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Necrotising fasciitis pathology

Author: Assoc Prof Patrick Emanuel, Dermatopathologist, Auckland, New Zealand, 2013.

Necrotising fasciitis pathology — codes and concepts

Necrotising fasciitis is a life-threatening, rapidly progressive form of necrotizing cellulitis. Group A beta-haemolytic streptococci are the most common causative organisms. Various other bacteria have been implicated.

Histology of necrotising fasciitis

A deep biopsy is generally required (figure 1) for the diagnosis and shows an extensive acute inflammatory reaction involving the subcutaneous fat (figure 2). There may also be superficial involvement and ulceration and/or deep penetration into skeletal muscle and deeper tissues.

Higher power examination demonstrates impressive suppuration (figure 3) and extensive tissue necrosis (figure 4). An overwhelming bacterial colonization is appreciated even on haematoxylin-eosin sections (figure 4). There is often associated intravascular thrombosis (figure 5) and invasion of vessel walls by organisms.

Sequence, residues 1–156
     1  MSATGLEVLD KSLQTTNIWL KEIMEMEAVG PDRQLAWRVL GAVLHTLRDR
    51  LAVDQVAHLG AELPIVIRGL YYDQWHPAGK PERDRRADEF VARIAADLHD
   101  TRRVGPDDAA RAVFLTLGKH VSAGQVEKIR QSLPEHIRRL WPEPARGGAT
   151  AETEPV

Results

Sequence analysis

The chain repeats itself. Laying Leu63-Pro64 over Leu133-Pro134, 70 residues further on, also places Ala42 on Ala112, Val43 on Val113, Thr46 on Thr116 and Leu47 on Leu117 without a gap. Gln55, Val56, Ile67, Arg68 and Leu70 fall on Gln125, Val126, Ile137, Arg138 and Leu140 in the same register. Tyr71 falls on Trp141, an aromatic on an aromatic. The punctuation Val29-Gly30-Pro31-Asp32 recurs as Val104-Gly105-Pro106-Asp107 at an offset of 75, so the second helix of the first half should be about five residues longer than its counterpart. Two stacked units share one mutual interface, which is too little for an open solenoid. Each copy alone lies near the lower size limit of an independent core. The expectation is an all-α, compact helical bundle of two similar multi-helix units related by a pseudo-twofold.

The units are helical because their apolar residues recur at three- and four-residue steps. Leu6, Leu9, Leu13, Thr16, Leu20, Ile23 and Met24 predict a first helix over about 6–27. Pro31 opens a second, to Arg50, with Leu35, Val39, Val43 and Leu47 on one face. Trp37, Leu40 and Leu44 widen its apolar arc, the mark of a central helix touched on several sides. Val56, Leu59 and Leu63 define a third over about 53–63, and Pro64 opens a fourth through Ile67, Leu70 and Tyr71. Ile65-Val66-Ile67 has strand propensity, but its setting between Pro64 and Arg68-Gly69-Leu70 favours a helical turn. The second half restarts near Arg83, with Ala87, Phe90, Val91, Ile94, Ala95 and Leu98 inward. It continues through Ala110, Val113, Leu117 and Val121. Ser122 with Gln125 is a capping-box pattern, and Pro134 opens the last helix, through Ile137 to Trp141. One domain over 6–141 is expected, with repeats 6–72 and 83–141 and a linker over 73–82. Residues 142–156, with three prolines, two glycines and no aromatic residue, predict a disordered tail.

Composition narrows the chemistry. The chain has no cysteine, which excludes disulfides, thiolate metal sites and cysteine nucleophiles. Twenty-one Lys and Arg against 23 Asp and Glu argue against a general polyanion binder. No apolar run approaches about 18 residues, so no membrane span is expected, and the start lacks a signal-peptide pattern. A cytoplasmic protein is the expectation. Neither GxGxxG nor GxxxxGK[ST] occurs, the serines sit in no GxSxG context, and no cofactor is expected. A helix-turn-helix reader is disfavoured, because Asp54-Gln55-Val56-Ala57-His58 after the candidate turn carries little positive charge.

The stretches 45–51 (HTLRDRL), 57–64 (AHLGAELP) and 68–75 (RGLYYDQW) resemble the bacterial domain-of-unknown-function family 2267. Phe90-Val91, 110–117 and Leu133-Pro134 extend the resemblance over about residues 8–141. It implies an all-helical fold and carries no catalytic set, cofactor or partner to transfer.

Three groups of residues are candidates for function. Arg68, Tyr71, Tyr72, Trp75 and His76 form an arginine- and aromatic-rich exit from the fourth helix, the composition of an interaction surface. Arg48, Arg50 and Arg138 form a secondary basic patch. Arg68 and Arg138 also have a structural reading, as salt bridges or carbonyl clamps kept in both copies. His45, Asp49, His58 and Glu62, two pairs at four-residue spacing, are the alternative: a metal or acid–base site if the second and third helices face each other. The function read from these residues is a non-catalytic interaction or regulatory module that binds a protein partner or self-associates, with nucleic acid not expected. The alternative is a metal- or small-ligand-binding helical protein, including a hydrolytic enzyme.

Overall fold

Necrotising fasciitis pathology

Special studies for necrotising fasciitis

Gram stain confirms the overwhelming colonization of the organism (figure 6). The case illustrated shows numerous gram-positive cocci but obviously the morphology and staining characteristics will be varied depending on the organism involved. Tissue culture confirms the causative organism.

Intraoperative consultation for frozen section is sometimes employed for this disease. In addition to routine frozen section assessment, touch preparations can be useful for identifying the presence of an organism. Obviously, correct diagnosis is critical for appropriate surgical management of this aggressive disease.

Differential diagnosis of necrotising fasciitis pathology

Panniculitis – Alpha-1-antitypsin deficiency panniculitis and pancreatic panniculitis can show impressive suppuration and necrosis respectively. Identification of the organism and clinical correlation aids in the distinction.

Bacterial overgrowth – Overwhelming bacterial overgrowth is common in autopsy tissue and unfixed tissue.

Neutrophilic dermatoses – Tissue necrosis, thrombosis and overwhelming bacterial overgrowth are typically not seen in these conditions.

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Related information



  • Weedon’s Skin Pathology (Third edition, 2010). David Weedon
  • Pathology of the Skin (Fourth edition, 2012). McKee PH, J. Calonje JE, Granter SR

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